2  
@matrixugly: No, you don't need to change IFS back to what it was before. When you do VARNAME=value command, the assignment of value to VARNAME only applies during the execution of command (with some exceptions that don't apply to read). See the POSIX specification and this POSIX bug report for more details. –  Richard Hansen Apr 12 at 5:27

This oneliner might help you:

$ svn status | grep '^?' | awk '{print $2}' | xargs rm -rf

Use with care!

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11  
this does not remove ignored files and will break if a file name contains whitespace –  Richard Hansen Feb 4 '12 at 21:57
    
It also does not delete ignored files –  plaisthos Jan 8 '13 at 20:38
3  
You can use svn status --no-ignore to capture the ignored files a well. –  Stephen Robinson Apr 9 '13 at 18:57
    
In fact, I consider it a feature to leave in-place the ignored files, optionally. –  macetw Jan 31 at 20:02

Modifying Yanal-Yves Fargialla and gimpf's answers using Powershell (but not being allowed to comment on the original post by Stackoverflow):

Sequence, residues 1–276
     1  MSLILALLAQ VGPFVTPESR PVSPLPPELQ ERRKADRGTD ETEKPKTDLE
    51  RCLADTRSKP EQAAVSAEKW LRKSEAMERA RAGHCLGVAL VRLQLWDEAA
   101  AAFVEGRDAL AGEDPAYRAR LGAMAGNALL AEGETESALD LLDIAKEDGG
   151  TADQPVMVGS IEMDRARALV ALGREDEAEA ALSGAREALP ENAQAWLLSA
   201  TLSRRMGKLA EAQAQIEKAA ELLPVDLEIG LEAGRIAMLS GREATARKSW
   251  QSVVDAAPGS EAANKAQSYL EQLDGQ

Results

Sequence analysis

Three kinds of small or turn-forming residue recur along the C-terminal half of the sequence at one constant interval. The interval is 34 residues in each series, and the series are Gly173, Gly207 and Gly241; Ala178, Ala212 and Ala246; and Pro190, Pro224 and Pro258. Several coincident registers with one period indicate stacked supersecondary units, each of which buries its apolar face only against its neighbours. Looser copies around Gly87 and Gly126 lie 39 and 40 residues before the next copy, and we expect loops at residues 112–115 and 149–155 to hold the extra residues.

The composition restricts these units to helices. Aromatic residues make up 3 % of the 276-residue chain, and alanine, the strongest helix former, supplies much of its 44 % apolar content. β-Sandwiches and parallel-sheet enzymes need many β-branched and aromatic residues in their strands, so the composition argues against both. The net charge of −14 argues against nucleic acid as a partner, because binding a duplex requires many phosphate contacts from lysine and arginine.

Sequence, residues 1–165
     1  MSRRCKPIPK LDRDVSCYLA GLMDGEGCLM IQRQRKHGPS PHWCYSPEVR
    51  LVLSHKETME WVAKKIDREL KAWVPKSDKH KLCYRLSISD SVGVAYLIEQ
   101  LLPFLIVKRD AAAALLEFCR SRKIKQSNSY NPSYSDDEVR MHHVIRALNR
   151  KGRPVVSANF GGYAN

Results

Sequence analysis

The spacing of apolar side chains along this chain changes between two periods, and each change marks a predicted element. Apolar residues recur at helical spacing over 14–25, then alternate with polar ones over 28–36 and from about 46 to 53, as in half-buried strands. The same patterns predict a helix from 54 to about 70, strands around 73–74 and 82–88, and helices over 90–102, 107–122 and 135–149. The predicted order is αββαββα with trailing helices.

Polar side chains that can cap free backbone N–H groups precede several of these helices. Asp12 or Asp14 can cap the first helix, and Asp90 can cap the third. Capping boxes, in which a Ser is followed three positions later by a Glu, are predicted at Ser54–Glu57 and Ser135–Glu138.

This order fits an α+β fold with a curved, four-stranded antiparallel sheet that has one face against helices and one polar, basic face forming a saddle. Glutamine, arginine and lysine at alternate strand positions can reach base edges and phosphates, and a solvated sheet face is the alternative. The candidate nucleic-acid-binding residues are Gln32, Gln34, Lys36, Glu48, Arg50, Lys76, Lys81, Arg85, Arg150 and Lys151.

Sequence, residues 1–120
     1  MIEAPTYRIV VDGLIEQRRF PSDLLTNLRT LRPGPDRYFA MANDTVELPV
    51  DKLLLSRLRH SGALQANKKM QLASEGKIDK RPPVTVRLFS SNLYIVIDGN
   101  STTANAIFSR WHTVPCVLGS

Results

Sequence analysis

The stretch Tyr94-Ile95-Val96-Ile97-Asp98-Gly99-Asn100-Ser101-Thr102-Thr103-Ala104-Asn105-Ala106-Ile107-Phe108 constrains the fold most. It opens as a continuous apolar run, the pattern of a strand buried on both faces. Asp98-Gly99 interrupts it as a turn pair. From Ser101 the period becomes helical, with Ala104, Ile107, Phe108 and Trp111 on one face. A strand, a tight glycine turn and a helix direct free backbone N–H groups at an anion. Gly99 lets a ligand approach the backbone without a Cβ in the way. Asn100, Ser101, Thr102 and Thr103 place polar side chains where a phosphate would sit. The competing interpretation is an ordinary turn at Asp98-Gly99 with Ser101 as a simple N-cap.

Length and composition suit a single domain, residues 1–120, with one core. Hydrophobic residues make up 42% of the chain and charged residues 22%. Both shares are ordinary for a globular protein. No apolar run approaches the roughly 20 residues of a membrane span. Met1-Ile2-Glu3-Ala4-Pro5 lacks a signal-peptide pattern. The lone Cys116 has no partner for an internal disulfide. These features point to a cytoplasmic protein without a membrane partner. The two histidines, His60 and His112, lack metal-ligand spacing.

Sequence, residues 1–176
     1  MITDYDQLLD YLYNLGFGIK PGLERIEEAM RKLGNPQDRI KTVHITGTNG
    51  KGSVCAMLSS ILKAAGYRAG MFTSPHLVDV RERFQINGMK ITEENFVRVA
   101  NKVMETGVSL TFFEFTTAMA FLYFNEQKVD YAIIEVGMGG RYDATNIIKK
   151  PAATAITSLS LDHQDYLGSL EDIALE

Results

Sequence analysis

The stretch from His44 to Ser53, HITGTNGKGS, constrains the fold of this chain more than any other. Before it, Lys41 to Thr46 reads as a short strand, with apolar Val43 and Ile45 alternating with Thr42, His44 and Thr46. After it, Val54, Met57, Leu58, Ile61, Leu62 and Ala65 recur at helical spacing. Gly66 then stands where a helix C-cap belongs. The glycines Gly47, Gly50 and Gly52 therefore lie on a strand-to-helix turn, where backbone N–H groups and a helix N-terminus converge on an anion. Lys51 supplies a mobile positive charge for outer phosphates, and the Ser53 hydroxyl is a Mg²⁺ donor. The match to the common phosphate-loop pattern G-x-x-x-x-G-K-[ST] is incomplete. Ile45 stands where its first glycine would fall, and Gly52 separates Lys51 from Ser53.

powershell -Command "&{(svn status --no-ignore) -match '^[\?i]' -replace '^.\s+' | rm -recurse -force}

This adds the carat ("^") to specify the start of line, avoiding matching all files that contain the letter "i". Also add the flags for -recurse and -force to rm to make this command non-interactive and so usable in a script.

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Using TortoiseSVN:

  1. Right-Click on the root of the working copy and select TortoiseSVN -> "check for modifications"
  2. Select "Show ignored files"
  3. Sort by "Text status" column
  4. scroll to the "non-versioned" files, now all grouped together; select them all and right-click -> delete
  5. scroll to the "ignored" files, now all grouped together; select them all and right-click -> delete

Not really a nice and clean solution, but the fastest way I know of (on Windows).

Thanks to pkh for the tip with the ignored files.

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I believe this will only remove non-versioned files. Ignored items won't be affected. –  0xA3 May 10 '10 at 15:31
    
@0xA3 true, I will edit the answer. Thanks for the tip –  Thomas Lötzer May 10 '10 at 15:36
2  
You don't need to use the commit dialogue, and you can get ignored files: Right-click | TortoiseSVN | Check for Modifications. Then you can click 'Show Ignored Files' and sort/delete appropriately. –  pkh May 10 '10 at 15:38

With powershell:

(svn status --no-ignore) -match '[?]' -replace '^.\s+' | rm

From command line: